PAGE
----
its true that the digital SLRs require a lot of post-processing in photoshop - sharpening and level correction (with my 300D i regularly am exposed too far to the right and the pictures look washed out unless i pull the histogram to the left). having said that though, at least the 300D will at least sharpen the image when its in .jpg mode. i always shoot raw, so i'm not sure what else it might do.

so yeah. what everyone else said. its an SLR so don't expect point-and-shoot results.
posted by joeblough at 8:42 PM on September 5, 2005

Thanks, aneel, I didn't think to look at them outside the browser.

GrumpyMonkey: All of the EXIF settings given make them seem like fairly normal shots, but I agree they aren't all that satisfying. Something is wrong with them. For some reason, ISO is missing from the EXIF data. The shutter speeds aren't really low, and the sharpening is set to normal on them all. Have you tried setting the in-camera sharpening to medium high or high, to see if it makes things look sharper?

They look to me slightly like high ISO D70 images, and slightly like generally just soft images. The noise seems too high for ISO 200. Maybe it's what I'd expect for an underexposed 400. I wonder if something is wrong with the way your camera sets its ISO? But that only seems like a part of the problem.

What lenses are these? The first one seems to be the kit lens. I'm not sure on the second two.

It's rather bizarre. I can tell, rather unhelpfully, that I get much nicer results with my D70s. (Do you have that firmware update for the D70?).

Do you have a tripod? If so, does a tripod shot at a middle aperture, with a fast-ish shutter speed, of something in bright light, and the shutter tripped by timer still look like this? If so, I'd say *something* is amiss, but I'm not sure what. Too bad you're so far away, or I'd say bring it over to my house, and try my 50 f/1.4 to make sure it's not the lenses.
posted by teece at 8:45 PM on September 5, 2005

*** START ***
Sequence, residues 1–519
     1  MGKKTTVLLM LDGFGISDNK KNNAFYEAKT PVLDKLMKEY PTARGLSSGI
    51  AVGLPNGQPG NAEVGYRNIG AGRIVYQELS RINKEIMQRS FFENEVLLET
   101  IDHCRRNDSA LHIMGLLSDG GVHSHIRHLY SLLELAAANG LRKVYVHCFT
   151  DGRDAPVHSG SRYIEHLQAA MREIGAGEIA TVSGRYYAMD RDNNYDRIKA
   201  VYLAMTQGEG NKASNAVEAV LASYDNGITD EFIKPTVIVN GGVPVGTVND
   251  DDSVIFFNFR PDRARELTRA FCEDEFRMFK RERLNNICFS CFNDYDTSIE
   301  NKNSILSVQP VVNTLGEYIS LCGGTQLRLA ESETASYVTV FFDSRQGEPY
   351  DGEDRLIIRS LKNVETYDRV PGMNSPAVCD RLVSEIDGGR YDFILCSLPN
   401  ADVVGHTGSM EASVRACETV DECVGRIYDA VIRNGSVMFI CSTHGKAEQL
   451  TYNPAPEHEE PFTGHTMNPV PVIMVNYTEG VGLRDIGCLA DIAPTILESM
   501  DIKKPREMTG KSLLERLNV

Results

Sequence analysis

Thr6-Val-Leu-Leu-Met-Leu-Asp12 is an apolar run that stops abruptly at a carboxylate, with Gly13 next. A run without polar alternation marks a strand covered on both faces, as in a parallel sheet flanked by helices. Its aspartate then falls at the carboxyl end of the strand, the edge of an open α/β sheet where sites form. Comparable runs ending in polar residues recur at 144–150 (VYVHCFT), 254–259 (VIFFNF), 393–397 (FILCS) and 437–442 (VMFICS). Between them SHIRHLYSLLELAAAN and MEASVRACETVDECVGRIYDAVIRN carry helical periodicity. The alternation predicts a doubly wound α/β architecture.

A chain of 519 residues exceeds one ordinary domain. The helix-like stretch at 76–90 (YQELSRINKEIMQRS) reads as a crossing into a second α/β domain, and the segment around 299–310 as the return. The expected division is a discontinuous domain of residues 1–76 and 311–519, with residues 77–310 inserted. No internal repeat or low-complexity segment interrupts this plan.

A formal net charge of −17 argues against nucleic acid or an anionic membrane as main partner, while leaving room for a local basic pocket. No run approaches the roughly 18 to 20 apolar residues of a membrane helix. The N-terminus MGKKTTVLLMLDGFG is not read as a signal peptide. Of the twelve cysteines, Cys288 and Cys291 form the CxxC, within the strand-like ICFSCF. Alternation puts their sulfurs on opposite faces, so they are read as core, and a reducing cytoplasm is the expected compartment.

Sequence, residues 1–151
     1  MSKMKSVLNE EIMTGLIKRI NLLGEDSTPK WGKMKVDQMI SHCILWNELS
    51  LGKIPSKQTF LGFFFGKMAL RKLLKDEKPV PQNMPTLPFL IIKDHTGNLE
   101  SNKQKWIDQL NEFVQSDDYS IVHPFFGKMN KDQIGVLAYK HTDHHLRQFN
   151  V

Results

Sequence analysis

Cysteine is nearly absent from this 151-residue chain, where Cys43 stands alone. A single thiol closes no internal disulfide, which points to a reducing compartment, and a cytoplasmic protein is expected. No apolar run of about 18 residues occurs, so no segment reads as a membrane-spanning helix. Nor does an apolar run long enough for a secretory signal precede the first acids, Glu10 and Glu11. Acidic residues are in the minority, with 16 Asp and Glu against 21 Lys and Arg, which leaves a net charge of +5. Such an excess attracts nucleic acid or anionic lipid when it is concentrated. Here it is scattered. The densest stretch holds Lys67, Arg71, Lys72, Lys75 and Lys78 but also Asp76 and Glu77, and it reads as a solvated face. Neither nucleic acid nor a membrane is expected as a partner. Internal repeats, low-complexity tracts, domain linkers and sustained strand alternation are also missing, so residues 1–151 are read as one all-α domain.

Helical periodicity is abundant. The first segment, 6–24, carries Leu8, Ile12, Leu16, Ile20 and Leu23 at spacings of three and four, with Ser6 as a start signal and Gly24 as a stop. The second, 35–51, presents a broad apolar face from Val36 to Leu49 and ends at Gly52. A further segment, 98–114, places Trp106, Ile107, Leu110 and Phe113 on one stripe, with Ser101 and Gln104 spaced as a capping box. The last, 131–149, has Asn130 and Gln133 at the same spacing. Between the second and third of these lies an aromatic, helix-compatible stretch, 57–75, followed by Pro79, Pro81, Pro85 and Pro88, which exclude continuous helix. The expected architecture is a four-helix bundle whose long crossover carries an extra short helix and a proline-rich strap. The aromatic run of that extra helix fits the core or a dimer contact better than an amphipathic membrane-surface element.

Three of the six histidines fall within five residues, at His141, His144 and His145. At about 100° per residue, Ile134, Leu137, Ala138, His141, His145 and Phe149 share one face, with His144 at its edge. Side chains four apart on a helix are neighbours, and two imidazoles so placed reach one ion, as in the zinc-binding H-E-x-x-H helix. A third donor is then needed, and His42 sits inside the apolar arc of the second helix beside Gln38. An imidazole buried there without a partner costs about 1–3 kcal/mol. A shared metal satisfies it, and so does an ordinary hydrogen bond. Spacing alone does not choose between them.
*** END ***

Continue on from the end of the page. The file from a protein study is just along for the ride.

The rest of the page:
It looks like the D70 puts the ISO in the NikonISOSetting EXIF tag. These all claim to have been taken at ISO 400.
posted by aneel at 9:07 PM on September 5, 2005

Response by poster: Thanks for the good feedback.

I very much understand the difference between an slr and point and shoot but the haze that I am getting is not normal. The pictures should at the very least be crisp out of the box I would think.

I guess what I was really looking for is a little validation from someone that has a D70 and experiences better results. aneel is right, all are at ISO 400 (or at least the last two are) – I really just took these three shots from the last batch of photos on my CF card pretty much at random. I have played around with a lot of the settings, but this haziness just won’t go away. After trying the reset options (two-button reset and reset button), I am convinced there is *something* amiss. After having an N80 for years, I am still a diehard Nikon fan, so I think I will send it up to Melville…any experience with Nikon warranty work? Not sure if I am better off just swapping it with a new one!

Not sure if this is kosher or not but could one of you who are happy with their D70 possibly send / post a couple sample shots at full resolution for me to compare? Really just looking for run-of-the-mill type stuff on full auto. Maybe one at ISO 200 / 400 and one at ISO 1200+.

Oh yeah - all shots were taken with the kit lens.
posted by GrumpyMonkey at 6:07 AM on September 6, 2005

Best answer: For those three pictures, here are your problems:

#1: Backfocusing about a foot. If you shot this with a larger aperture (say, f/8 instead of f/4.5) it would put her in the focus range, but that's still no excuse. Basically, it looks like you've got a backfocusing D70. This is a known problem, and can be fixed by either: A. Sending in to Nikon to have it fixed, or B. Sending the camera back and getting another. In the future, test your camera for backfocus once you get it.